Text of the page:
The Serum Institute of India is aiming to have 100 million doses ready by December for an inoculation drive and the country will be given first priority for delivery of the AstraZeneca-Oxford vaccine.
Article on Yahoo UK
With British–Swedish multinational pharmaceutical, AstraZeneca reporting that its Covid-19 vaccine is 70% effective without any serious side effects, the announcement came like a shot in the arm for most Indians.
In the western city of Pune, Cyrus Poonawalla, founder of the Serum Institute of India (SII), which is testing and manufacturing the candidate under license, said the vaccine would be available in India “very soon”. The manufacturer has already produced 40 million doses of the vaccine so far.
“A vaccine against the coronavirus disease will be available very soon in our country. We are going to ask for special emergency marketing authorization in 45 days from today,” said the founder, Cyrus Poonawalla.
His son, Adar, the CEO of the company and spearheading the vaccine manufacture said he was delighted and assured that the low cost vaccine would soon be widely available.
“”It will be another two to three months for the vaccine to be available in India. By January we will have 100 million doses, minimum. The target set by the government is 300 to 400 million doses by July,” said Adar.
A new hope
Emergency authorisation for the vaccine by the Indian regulator will be the first step in ensuring its administration based on a priority list, starting with frontline healthcare workers.
SII scientists are, in fact, hopeful of being able to roll out the vaccine before the year is out.
“We hope the government will give the go-ahead for vaccinating persons at highest risk – doctors, nurses, and healthcare workers at hospitals. In anticipation of receiving regulatory clearance, 100 million doses will be ready through special license in one and a half months,” said Adar.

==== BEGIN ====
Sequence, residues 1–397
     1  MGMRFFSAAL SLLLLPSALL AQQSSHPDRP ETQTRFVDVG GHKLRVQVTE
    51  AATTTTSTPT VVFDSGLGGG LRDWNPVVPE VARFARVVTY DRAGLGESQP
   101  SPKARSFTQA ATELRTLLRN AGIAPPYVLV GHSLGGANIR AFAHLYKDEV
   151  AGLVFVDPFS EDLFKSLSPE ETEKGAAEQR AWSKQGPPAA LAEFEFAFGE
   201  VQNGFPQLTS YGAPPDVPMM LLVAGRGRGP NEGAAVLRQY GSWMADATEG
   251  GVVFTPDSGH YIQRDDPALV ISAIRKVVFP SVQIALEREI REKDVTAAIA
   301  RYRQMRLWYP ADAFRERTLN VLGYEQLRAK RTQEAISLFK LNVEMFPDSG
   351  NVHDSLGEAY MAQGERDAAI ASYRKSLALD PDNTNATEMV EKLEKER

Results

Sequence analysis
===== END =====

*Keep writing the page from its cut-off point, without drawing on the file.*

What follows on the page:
The interim analysis of the vaccine, which included 131 Covid-19 patients, indicates that one dosing regimen showed a 90% efficacy when the vaccine was given as a half dose followed by a full dose at least one month apart; another regimen showed 62% efficacy when given as two full doses at least one month apart.
“The combined analysis from both dosing regimens resulted in an average efficacy of 70%. All results were statistically significant. More data will continue to accumulate and additional analysis will be conducted, refining the efficacy reading and establishing the duration of protection,” AstraZeneca said in a release.
On Tuesday, Prime Minister Narendra Modi had a crucial meeting with chief ministers of the states worst affected by the coronavirus on vaccine administration where it was decided that 10 million frontline healthcare workers have been identified to receive the first dose of whichever vaccine is available against the Covid-19 infection early next year.
The Serum Institute of India, the world’s largest vaccine maker by volume, has partnered with AstraZeneca, the Gates Foundation and the Gavi Alliance to produce more than a billion doses of the vaccine for global supply.
Officials in the health ministry pointed out that the Oxford-AstraZeneca vaccine is markedly cheaper and is estimated to cost at about $2.50 a dose.
In contrast, Pfizer’s vaccine costs about $20 a dose, while Moderna’s is upwards of $25.
The Indian government is in talks with developers and manufacturers of all potential Covid-19 vaccine candidates for procurement of their product.
Currently, five vaccine candidates are in advanced stages of development in India and one is in the early stages.